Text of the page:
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Oh I been told cake flour and self raising isnt the same by my American friends. In my recipe you need self raising flour and not cake and that you can make with all purpose flour . You can even make good mock up of cake flour with all purpose and corn starch.

Also most none american recipe you can use all purpose flour for cakes.
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Old 08-15-2017, 01:18 PM   #26
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Originally Posted by BlueMoods View Post
The reason I use boxed cake mix is to avoid driving 35 mile ONE WAY to a larger town to get cake flour - they don't carry it at the little grocery store in the small town closest to my home so, the only way to get cake flour there is in a cake mix and, that comes in Angel Food...
You can make cake with all-purpose flour.
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Old 08-15-2017, 01:24 PM   #27
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Originally Posted by CakePoet View Post
Oh I been told cake flour and self raising isnt the same by my American friends. In my recipe you need self raising flour and not cake and that you can make with all purpose flour. You can even make good mock up of cake flour with all purpose and corn starch.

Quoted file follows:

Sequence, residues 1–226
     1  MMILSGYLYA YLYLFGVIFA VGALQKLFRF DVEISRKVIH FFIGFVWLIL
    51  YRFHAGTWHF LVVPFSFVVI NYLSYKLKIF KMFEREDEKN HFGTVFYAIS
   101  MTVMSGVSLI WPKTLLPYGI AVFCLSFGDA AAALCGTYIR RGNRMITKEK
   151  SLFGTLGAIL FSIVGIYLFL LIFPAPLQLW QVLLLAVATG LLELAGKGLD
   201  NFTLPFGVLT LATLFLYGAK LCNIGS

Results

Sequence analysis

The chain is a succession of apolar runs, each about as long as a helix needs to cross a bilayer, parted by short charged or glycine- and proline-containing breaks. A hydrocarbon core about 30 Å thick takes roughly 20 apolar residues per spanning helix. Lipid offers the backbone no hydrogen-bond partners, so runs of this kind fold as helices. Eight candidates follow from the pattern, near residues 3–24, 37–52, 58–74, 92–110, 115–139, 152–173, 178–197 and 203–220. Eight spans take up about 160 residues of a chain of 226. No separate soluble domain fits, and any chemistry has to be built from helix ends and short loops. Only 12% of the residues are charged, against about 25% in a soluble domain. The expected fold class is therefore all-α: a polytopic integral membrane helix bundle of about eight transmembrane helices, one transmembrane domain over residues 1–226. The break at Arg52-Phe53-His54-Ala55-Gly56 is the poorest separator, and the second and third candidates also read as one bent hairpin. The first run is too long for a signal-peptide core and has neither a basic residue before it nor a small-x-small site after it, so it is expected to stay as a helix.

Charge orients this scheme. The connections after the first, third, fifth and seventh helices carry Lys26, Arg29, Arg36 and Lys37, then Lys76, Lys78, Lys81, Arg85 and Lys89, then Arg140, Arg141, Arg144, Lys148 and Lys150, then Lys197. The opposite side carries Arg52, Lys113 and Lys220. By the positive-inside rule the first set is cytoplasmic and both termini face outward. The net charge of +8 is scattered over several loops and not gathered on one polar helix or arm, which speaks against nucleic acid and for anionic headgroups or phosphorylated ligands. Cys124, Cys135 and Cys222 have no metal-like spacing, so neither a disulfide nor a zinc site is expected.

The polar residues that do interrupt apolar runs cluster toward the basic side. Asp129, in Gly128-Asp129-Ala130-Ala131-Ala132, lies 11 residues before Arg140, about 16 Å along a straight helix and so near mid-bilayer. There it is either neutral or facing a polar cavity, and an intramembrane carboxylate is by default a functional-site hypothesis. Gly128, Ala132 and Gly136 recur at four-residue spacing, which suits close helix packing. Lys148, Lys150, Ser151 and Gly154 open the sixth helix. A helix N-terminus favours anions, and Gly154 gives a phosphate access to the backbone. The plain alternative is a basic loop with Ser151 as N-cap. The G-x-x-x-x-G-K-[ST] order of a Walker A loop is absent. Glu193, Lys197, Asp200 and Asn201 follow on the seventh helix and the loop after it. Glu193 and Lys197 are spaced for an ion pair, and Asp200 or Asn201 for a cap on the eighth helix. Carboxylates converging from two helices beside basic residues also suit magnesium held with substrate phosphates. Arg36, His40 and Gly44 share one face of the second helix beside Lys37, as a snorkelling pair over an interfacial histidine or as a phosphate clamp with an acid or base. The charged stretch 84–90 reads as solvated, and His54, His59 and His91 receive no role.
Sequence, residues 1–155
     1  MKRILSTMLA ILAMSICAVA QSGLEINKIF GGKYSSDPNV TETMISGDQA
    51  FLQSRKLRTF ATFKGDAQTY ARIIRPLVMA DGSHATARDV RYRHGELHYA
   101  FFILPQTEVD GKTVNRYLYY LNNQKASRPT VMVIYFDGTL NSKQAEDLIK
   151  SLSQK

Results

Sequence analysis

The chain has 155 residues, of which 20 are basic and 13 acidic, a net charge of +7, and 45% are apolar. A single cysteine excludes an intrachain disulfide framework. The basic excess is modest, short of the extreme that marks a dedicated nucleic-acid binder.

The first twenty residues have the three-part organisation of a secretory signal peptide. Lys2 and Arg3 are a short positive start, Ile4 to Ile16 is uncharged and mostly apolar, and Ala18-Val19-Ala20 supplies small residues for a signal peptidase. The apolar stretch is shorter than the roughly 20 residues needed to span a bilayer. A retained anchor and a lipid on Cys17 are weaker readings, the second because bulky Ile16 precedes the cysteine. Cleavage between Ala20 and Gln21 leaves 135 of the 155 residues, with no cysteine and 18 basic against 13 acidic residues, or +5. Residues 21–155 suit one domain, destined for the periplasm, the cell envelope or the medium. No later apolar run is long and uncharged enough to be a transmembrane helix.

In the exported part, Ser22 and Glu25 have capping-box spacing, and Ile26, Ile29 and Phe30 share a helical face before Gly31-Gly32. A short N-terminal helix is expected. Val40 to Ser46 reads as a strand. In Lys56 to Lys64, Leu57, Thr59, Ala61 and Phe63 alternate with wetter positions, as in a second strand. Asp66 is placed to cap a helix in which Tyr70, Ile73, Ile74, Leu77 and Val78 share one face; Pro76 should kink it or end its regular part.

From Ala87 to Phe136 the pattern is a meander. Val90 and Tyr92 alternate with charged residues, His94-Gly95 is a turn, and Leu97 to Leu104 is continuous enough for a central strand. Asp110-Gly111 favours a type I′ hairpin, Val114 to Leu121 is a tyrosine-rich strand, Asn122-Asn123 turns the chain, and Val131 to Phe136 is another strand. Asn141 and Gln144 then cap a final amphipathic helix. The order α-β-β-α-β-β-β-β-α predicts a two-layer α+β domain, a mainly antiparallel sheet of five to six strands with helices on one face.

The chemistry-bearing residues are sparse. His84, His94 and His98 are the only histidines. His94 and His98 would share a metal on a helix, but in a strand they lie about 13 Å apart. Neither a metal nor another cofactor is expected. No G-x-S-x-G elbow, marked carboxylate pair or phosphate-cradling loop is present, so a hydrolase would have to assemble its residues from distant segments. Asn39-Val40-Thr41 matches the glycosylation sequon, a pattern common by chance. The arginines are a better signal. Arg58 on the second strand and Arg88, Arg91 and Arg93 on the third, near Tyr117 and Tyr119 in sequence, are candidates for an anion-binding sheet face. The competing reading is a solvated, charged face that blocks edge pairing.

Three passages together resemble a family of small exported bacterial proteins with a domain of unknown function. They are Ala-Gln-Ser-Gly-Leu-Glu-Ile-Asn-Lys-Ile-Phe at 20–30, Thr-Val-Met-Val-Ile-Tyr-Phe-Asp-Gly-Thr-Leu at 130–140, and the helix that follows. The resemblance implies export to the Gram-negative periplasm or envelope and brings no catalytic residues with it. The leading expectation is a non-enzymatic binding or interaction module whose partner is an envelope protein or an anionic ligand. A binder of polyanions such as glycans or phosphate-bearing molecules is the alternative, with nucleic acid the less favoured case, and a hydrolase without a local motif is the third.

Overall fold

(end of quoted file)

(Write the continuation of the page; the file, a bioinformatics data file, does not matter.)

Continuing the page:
Also most none american recipe you can use all purpose flour for cakes.
Yes, cake flour and self-rising flour are different. Self-rising flour has baking powder and/or baking soda in it. Cake flour has a lower protein content and is milled more finely, so it makes a light, delicate cake.

Lots of American cake recipes use all-purpose flour.
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Old 08-15-2017, 01:29 PM   #28
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I have used self rising flour for biscuits. Not often so I keep it in the freezer.

I have never bought or used cake flour. I just sub unbleached AP flour or an assortment of flours in combination sometimes (I.E. almond meal/flour in quick breads that have nuts in them ETC.).
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Old 08-15-2017, 07:44 PM   #29
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Originally Posted by GotGarlic View Post
Yes, cake flour and self-rising flour are different. Self-rising flour has baking powder and/or baking soda in it. Cake flour has a lower protein content and is milled more finely, so it makes a light, delicate cake.

Lots of American cake recipes use all-purpose flour.
How do you make self rising flour from regular flour?
Just add 2 teaspoons of baking powder for each 150g/6oz/1 cup plain flour. Sift the flour and baking powder together into a bowl before using, to make sure the baking powder is thoroughly distributed (or you can put both ingredients into a bowl and whisk them together).Feb 10, 2012

or

https://food52.com/blog/8375-how-to-...f-rising-flour

Like someone here once stated: Goggle is my best friend!
So save your gas and make it right at home.
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Old 08-15-2017, 10:02 PM   #30
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Cake flours are made from a soft wheat with a lower protein content. The higher the protein, the stronger the flour - as in better for firm baked products like breads. Here are links to a couple of web articles that will give you far more information than you really want to know:

Types of Flour, What's Cooking America

What's the Difference? ~ The Kitchn